Well, Michelangelo was a neoplatonist. He put forth a philosophy about sculpture where a work of art was already living within a block of marble. It is the calling of the artist to chip away and free the work of art and bring it to life. Through the artistic process of sculpture, art emerges from marble.

What a concept! What if I look upon myself as a big block of marble? I was born with a work of art inside of me. Then as I grew up and continuing into today, my life experiences chipped away at the block of marble that is me. Slowly over the years I have emerged as the person I am today. Each of us is a block of marble with beauty emerging from within.

Sometimes you may see a sculpture that is intentionally left unfinished. The work of art continues to emerge from the stone. A work of beauty already, but still emerging into form.

As any sculptor can tell you, sometimes the block of stone will resist. This can happen even if the artist carefully works with and goes with the grain.

In sculpture, art is forever emerging. Moving towards freedom from the captivity of the stone. Waiting for insight and clarity to merge with life experiences.

Does this only apply to sculpture? Of course not. Whether you are a painter, writer, photographer, scientist or any other type of creative person, there is a beauty that only you can bring out.

Once again, many thanks to Dr. Anna Tahinci, Professor and Art History Chair at the Glassell School of Art, for teaching wonderful classes in Art History where I got the inspiration for this blog. Also, the pictures of sculptures in this blog were taken while on a recent visit to the Museum of Fine Arts Houston.

Until next week.….

Flinging and Swinging into Spring

It is now officially Spring! I hope everyone had a nice Vernal Equinox. Did you run around outside picking flowers and dancing? I didn’t either. Have you planted all of your spring flowers and gardens? Again…me neither.

However, I have been walking. I have walked around my neighborhood, I have walked at Bayou Bend, I have walked around the grounds at Rienzi. I have observed nature and art. Yes, sometimes nature is art and sometimes art is nature. Think about it.……you’ll get it. I may not have planted any spring garden, but the fabulous people who work for the Museum of Fine Arts have put a lot of work into the Gardens at Bayou Bend and the Rienzi. As you can tell I walked among the Goddesses and Muses (great inspiration for writing) and took lots of pictures of flowers and butterflies.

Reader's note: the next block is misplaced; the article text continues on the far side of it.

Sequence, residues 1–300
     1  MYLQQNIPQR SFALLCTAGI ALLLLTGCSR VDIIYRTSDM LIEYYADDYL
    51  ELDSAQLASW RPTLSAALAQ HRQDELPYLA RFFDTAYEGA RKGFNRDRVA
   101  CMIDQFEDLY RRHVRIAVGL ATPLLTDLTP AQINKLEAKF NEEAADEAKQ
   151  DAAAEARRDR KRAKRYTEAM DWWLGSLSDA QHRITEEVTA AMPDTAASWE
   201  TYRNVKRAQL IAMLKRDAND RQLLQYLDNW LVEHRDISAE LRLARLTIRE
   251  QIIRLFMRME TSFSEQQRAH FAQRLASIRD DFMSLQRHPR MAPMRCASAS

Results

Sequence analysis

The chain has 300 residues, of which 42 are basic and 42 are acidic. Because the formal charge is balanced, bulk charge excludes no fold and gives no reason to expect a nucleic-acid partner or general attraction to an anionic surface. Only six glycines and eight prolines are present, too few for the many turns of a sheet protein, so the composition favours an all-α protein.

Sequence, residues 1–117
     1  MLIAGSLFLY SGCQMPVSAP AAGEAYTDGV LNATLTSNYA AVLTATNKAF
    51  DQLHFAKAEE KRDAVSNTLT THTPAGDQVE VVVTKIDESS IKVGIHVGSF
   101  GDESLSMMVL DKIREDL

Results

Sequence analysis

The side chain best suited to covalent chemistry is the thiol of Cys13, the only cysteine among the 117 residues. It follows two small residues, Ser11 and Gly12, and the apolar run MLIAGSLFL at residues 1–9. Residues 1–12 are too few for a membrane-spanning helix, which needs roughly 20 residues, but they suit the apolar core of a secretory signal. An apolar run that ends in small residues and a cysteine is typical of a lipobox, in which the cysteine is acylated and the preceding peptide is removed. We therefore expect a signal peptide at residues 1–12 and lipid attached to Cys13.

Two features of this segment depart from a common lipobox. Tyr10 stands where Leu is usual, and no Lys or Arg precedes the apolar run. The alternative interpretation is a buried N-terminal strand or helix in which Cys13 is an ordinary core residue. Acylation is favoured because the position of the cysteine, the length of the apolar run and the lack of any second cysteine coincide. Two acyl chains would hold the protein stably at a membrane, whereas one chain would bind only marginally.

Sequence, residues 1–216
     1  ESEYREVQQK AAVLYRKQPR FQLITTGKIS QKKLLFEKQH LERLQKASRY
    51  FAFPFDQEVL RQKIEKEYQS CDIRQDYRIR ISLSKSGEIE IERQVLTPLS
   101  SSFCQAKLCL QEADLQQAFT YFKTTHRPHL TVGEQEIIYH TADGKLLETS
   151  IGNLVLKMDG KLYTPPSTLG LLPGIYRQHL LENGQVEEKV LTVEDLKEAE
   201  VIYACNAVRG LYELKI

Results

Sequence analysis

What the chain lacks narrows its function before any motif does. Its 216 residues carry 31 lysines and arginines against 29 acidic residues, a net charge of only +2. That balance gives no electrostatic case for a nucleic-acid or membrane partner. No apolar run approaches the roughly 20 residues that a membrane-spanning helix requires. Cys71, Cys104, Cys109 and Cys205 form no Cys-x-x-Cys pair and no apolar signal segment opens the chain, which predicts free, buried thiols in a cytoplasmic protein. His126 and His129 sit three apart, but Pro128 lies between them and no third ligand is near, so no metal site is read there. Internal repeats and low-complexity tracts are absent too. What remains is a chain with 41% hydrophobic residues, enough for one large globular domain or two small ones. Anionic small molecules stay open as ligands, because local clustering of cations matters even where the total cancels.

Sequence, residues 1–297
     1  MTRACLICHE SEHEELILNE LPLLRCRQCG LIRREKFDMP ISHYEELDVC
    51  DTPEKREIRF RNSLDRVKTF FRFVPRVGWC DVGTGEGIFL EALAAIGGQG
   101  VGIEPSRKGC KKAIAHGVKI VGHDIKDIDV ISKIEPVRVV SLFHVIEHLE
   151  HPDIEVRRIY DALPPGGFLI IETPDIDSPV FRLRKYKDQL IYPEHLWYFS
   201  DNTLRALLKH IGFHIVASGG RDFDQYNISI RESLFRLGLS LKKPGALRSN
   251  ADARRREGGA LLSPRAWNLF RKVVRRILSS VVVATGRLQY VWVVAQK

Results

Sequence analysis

For those of you who are not in the know about Houston culture, Bayou Bend is owned by the MFAH and showcases the home and gardens of the Great Dame of H Town, Miss Ima Hogg. Yes, for anyone who is not knowledgeable about Houston culture, this was a real woman (stop that giggling now!) who had lots of money and spent it on a beautiful home, the Houston Symphony, the Houston Ballet, among other things. I can paraphrase the line from the movie Steel Magnolias and say that Miss Hogg “had more money than God” and I don’t think she wasted a penny. When she died, she left her home full of art works and antiques to the MFAH. The ongoing success of the Houston Symphony and Houston Ballet speak for themselves.

The Rienzi is another such home that is also located in River Oaks. Formerly the home of philanthropists Carroll Sterling Masterson and Harris Masterson III. I don’t know as much about them as I do about Miss Ima Hogg, but they also left a beautiful home full of art and antiques plus acres of beautiful gardens to the MFAH.

The exciting part about all of this walking is that I feel really good! I have successfully survived gastric sleeve surgery, losing weight and can get up and move! I am literally having a Spring Fling! My once upon a time arthritic knee is MUCH better.

I first started going on long walks when I was about 12 years old. You know, that age when just no one understands you and you almost sprain a muscle in your face from your eyes rolling so much at everything everyone tries to tell you? Just gotta love those preteen years. And yes, I was just that kind of preteen. Yes, I have matured much since those days. No…really!

Anyway, I would go for long walks around the neighborhood. There was a shopping center and an 18‐hole golf course. Lots of places to walk around and get lost in the scenery and sort out my pubescent thoughts. Mom and I both had a nice break from each other. My siblings never followed me on these outings. What’s not to love.

Besides, it doesn’t cost anything to walk. Except there is sometimes an admission fee. It is actually good for you. Except for when the refineries in Deer Park are on fire and the air is filled with smoke and benzene. Don’t forget to breathe deep!

So, I hope you have enjoyed all of these pictures of flowers and springtime. Soon enough it will be summer and hurricane season and it will be 100 degrees in the shade.……you get the idea. I am going to walk as much as possible until that time gets here!

Until next week.……